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MSc Seminar Logical Theory of Causality


Registration for the course is only possible via the central registration for master courses on Moodle. 


Human reasoning heavily relies on distinguishing causes from their effects. We typically understand our environment by explaining observations, i.e., effects, with the help of self-evident, a priori knowledge, i.e., causes. Assume, for instance, a lightning strike hits a house and the house burns down. In this case, we consider the lightning as self-evident, a priori knowledge, which explains the fire in the house. This leads us to the judgment: "The lightning caused the fire in the house."

Unfortunately, nowadays, artificial intelligence is mostly built on the concept of correlation. In our example, this means we can express that observing a fire increases the probability of a lightning strike hitting our house, and vice versa. However, a correlation-based artificial intelligence cannot recognize the lightning as the fire's cause. While a correlation-based artificial intelligence only supports queries about the truth or probabilities of statements, causal explanations permit two additional query types: queries for the effects of external interventions and counterfactual queries, i.e., queries of the form "What would have happened had we intervened before observing some evidence?" In our scenario, we can, for instance, intervene and install a conductor to prevent fires caused, i.e., explained by lightning strikes. Furthermore, if we observe a lightning strike hitting our house followed by a fire breaking out, we may conclude from a causal explanation that the fire would not have occurred had we installed a lightning rod beforehand.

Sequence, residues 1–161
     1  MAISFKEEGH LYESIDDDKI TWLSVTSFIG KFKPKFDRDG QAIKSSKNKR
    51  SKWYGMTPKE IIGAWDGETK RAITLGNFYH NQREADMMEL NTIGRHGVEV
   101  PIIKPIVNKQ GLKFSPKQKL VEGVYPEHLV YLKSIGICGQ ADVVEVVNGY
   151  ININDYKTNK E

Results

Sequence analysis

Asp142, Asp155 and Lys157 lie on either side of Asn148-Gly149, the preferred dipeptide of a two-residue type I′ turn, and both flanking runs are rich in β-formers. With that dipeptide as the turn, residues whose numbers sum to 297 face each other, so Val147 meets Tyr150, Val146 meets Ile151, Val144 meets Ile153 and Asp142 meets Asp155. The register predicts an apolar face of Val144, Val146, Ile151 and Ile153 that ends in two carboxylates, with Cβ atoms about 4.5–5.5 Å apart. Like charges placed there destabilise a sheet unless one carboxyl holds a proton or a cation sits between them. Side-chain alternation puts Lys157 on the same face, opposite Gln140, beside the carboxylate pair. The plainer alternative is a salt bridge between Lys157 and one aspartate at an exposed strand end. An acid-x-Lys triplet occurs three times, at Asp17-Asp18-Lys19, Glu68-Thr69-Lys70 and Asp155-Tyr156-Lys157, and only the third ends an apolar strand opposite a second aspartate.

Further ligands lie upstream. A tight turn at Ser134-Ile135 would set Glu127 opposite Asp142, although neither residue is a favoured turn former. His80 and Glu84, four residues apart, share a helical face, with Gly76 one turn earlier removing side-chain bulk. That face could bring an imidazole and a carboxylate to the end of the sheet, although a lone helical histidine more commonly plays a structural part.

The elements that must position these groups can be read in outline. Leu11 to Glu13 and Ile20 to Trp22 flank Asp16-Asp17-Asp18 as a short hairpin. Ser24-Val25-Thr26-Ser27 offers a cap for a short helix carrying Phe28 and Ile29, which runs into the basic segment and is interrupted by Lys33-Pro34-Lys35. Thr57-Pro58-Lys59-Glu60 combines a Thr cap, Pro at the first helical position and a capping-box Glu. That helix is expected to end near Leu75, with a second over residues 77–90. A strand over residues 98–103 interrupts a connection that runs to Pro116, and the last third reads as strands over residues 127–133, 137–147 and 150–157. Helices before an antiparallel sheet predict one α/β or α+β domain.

In our seminar, we study Bochman's logical formalism to handle causal explanations. Roughly, Bochman reduces causal reasoning to so-called production inference relations, i.e., reasoning between two layers of propositional logic, which is used to describe the state of the a priori and a posteriori knowledge, respectively. Furthermore, we discuss how Bochman's theory aligns with Aristotelian logic, with Pearl's theory of causality, and with the paradigm of logic programming.

Teaching staff

Kilian Rückschloß MSc

Felix Weitkämper DPhil (Oxon)


Fridays 10 - 12 c.t., Oettingenstr. 67 / 067

First meeting: Friday, 20th October 2023

Attendance at the first meeting is essential for taking part in the seminar!


Further details regarding the talks, seminar papers and a detailed schedule will be provided at the first meeting, as the arrangements will depend on the number of participants at the seminar.